Well, let me take you through the main highlights of my cycling trip:

About The Journey



I had 2000km to cover in high humidity, high temperatures, and very heavy traffic. Essentially, before I set off from Singapore on November 22nd at around 4:30am, I had not made any hotel arrangements nor had I planned the journey in detail. The only objective I had was to reach Bangkok by December 5th to catch my flight back to Singapore. All I had prior to the very moment I set off was the map above. Anything and everything in between of November 22nd and December 5th was left to unfold on its own. Some might have said "pure madness!" I said to myself, "This is just going to be awesome." And it truly was!

Singapore > Malaysia



Literally, my first moment I actually threw a leg over the bike. Untested with 0km on the bike (since the bike was brand new), I pushed the pedals in the basement of my apartment in Singapore, with 2000kms ahead of me. Before I reached the border with Malaysia (around 40km away from my apartment in Singapore), millions of different emotions rushed within me. My brain suddenly started questioning the reliability of the bike, the likelihood of tackling all the challenges successfully, and the probability of actually making it all the way to Bangkok. My heart, on the other hand, exclaimed "Shut up and enjoy the ride." Well, I truly did!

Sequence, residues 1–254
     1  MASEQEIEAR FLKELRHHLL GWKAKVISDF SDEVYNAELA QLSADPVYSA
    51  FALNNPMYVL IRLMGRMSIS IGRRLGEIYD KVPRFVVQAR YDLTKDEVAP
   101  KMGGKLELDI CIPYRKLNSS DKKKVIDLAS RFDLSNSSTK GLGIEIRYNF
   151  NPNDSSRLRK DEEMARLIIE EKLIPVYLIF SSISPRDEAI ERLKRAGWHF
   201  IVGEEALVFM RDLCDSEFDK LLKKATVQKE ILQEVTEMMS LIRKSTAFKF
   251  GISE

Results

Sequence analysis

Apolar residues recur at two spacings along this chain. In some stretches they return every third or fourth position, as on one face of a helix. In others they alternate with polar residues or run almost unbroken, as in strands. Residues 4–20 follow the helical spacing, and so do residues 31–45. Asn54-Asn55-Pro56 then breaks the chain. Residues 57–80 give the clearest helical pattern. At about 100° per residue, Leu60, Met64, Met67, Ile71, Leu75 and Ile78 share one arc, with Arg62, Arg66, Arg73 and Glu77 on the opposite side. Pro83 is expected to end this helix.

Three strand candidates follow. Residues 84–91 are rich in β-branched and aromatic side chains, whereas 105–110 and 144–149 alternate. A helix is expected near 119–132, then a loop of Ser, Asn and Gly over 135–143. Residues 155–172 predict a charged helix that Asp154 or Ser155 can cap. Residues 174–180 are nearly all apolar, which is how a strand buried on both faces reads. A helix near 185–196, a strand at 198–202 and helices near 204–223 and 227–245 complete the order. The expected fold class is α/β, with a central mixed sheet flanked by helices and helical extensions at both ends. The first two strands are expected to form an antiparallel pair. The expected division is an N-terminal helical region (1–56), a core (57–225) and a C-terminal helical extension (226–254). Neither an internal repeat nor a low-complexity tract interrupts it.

I managed to whiz through Malaysia in just four days and on the 4th day, November 26th, in early morning, I crossed the border with Thailand. Malaysia was more challenging than I anticipated. The terrain was very hilly, starting from north of Kuala Lumpur, with long distances with neither eateries nor small road stalls to buy water. During three out of four days I cycled through what seemed to be short and heavy tropical thunderstorms occurring in a regular cycle every three hours or so. My body got confused a little, after getting wet, then dry, then beginning to sweat again, then drenched in heavy rain again with almost no visibility, and the cycle repeating a couple of times a day. I was determined to cover the daily kms I had planned, and I didn't have the luxury to wait for the thunderstorms to stop. So I just kept pedaling.